One can only wonder at why the contract warranty was not enforced, Someone screwed up the contract small print such that crap was allowed to be implanted without penalty? Some one in the procurement food chain needed to save their overpaid backside by remaining quiet…. let the plebs pay for their mistakes. Probably got promoted which is the way of the civil service. Maybe politics played a part keeping low profile rather than kicking arse with their US playmates? A very costly nice gesture that cost uk taxpayers…again. As stated this is a massive wake up call letting dozy amateurs negotiate contracts for all future large contracts. Like previous US arms negotiations we were probably set up by more astute suppliers. i wonder how many freebee USA VIP visits were engaged in ensuring the UK customers they are getting a top quality product….NOT If this had been the other way around the US Suppliers would be taken the UK Supplier apart. What’s the betting this total failure will end in the UK having to sort out this mess of failed or obsolete technology leaving us with dead duck impotent dangerous destroyers of no use to anyone.

  3. Malcolm MacINTYRE-READ

    As our MP is the Con Min for MoD Procurement I will ask why it happened. Will report back if reply is received.

    Less sure if I will get one these days because, when we mere constituents asked for his support in our fight with HM Treasury over their Equitable Life scam, he stated that as a Con Min he is not able to criticise the actions of other Con Mins.

    I am now trying to work out how constituencies with MPs who are promoted to Min status can acquire a new & workable elected “representative”.

    1. Mike Sivier Post author

      They should have a nominated person to whom they pass such matters, if I recall correctly.

  4. Spamlet

    The whole warranty concept is a scam anyway. It just lets companies get away with selling shoddy goods in the knowledge that they can make more money on replacements than on building to last.

    In the age of ‘sustainability’ the warranty is an anachronism that must go. Companies that make faulty goods must replace them, however long it takes the fault to show.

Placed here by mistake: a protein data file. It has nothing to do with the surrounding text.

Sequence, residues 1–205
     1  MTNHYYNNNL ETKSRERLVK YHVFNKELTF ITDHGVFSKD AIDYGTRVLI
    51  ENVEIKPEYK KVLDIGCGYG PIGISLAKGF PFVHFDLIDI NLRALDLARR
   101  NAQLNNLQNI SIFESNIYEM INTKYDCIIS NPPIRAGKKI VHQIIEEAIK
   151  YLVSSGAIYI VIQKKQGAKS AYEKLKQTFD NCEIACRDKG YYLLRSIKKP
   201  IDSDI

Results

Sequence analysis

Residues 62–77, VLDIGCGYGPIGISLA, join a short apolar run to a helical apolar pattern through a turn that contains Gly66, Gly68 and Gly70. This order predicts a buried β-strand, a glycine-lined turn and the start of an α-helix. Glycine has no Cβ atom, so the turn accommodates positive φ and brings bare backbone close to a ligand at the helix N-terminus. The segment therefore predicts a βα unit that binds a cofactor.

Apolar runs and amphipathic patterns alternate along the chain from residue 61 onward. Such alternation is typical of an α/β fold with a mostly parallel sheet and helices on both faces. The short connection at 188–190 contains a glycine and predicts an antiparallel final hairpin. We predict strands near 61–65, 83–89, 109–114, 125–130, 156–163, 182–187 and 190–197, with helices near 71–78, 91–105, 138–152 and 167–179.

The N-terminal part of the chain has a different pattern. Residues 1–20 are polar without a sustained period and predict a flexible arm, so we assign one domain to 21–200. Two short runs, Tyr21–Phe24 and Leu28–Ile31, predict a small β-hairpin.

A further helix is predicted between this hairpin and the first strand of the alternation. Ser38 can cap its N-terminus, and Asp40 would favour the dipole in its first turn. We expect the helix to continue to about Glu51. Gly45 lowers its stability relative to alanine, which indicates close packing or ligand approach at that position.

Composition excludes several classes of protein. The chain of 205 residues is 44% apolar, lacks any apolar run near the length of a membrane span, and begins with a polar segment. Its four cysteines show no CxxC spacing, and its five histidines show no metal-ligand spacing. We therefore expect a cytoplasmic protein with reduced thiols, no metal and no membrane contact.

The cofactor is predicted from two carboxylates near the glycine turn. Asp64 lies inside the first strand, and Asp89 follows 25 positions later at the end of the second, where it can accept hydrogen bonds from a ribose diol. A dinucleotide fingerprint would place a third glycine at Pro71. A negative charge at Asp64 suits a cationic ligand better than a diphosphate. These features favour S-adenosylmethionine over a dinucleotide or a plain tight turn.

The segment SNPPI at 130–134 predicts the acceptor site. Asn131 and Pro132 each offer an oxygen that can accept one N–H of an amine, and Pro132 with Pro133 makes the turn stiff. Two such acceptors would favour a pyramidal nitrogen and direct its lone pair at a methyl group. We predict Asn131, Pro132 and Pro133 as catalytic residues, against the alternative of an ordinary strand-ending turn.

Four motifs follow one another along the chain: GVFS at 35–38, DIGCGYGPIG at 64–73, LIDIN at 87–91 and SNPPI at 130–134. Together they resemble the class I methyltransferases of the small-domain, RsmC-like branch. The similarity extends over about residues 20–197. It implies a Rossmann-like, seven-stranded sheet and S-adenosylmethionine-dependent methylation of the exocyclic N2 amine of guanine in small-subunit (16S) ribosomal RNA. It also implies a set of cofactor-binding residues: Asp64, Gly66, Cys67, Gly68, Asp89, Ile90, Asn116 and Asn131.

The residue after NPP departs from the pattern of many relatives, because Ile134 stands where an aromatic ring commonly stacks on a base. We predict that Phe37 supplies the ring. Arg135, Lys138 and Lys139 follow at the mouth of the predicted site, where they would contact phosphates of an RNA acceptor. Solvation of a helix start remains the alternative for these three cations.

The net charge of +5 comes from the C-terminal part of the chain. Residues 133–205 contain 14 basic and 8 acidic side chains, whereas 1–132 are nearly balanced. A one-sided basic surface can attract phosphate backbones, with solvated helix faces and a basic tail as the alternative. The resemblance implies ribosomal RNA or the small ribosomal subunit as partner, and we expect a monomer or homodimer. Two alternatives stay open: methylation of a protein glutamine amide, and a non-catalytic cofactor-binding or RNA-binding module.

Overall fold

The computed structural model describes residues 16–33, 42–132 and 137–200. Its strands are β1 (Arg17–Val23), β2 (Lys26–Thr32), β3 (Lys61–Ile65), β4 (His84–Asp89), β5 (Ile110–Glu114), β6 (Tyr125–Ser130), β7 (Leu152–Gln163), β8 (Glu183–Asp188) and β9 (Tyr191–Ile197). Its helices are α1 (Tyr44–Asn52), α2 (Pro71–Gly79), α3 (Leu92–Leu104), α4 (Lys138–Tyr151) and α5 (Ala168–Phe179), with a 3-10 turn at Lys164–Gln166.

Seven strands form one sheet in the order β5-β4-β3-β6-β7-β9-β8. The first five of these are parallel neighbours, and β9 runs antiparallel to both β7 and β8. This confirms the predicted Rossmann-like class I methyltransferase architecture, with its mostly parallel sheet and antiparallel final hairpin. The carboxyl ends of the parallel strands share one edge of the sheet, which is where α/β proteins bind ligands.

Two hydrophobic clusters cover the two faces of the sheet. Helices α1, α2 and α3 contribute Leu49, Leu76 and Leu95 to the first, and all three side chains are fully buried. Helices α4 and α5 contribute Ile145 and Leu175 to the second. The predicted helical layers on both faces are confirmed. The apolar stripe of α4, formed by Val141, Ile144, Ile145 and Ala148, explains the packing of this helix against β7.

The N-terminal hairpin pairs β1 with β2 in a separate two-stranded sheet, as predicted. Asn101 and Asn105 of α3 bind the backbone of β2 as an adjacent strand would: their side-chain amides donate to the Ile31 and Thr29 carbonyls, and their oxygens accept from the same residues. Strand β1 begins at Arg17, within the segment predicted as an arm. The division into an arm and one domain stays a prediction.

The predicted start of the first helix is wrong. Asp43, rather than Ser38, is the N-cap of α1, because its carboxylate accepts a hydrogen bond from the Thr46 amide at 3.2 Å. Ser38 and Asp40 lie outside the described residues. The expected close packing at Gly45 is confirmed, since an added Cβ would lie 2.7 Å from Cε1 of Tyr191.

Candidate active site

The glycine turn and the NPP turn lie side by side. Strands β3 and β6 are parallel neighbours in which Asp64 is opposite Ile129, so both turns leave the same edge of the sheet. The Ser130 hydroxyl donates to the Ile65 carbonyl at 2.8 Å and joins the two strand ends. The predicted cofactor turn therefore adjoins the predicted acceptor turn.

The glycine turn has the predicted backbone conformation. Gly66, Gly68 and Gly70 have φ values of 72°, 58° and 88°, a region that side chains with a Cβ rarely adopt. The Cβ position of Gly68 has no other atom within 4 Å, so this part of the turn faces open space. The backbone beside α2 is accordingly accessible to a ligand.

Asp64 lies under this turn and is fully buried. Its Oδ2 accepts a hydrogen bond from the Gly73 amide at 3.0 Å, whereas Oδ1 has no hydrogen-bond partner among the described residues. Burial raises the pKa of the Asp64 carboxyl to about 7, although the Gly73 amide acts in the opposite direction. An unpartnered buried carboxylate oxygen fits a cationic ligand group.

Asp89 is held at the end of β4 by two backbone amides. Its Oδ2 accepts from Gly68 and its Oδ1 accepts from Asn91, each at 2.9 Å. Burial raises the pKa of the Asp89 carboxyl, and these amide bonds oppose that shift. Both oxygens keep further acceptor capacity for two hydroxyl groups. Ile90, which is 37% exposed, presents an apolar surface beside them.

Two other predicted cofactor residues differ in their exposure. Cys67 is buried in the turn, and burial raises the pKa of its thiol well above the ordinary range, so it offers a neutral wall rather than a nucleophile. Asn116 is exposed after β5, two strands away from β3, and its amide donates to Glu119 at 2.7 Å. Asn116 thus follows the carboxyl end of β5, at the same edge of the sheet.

5. Edward E. Smith Ph. D

    I wonder if any donations to a certain party/parties were forthcoming (all perfectly legal, don’cha know old boy)

    1. Mike Sivier Post author

      The source was quoted in the article.
      If you have different information, why haven’t you quoted that, together with its source?
      Come on, let’s have it!

  6. mohandeer

    Esther McVey fought for replacement and faulty systems on at least three seperate occasions in the ISDS(secret courts) she lost on all three counts because the ISDS sided with the manufacturers. The ISDS will always side with the money coprporations and it will be a lot worse if we end up joining the TTIP. Cameron knows this and it has already cost the taxpayers nearly a billion pounds when clocking up the replacements that had to be paid for and the court costs yet he still promotes it. Warranties, as the above “Spamlet” stated, are worthless.

      1. Spamlet

        Yes we do. There are already secret courts. There was a programme where someone tried to get access to one of the courts not long ago. Can’t remember what one–sorry–but the guard outside the courtroom said he had no idea what case was being heard, and nobody was allowed to know.

        Government was recently taken to court over a bank’s loss of profit from the recently lifted ban on investment in Iran. I didn’t hear the outcome.

      2. Mike Sivier Post author

        I thought secret courts were about terrorism/threats to the nation, not commercial disputes, though.

      3. Spamlet

        The biggest International Arbitration Centre is at 70 Fleet Street, and cases can take 10 years and involve thousands of bundles of files.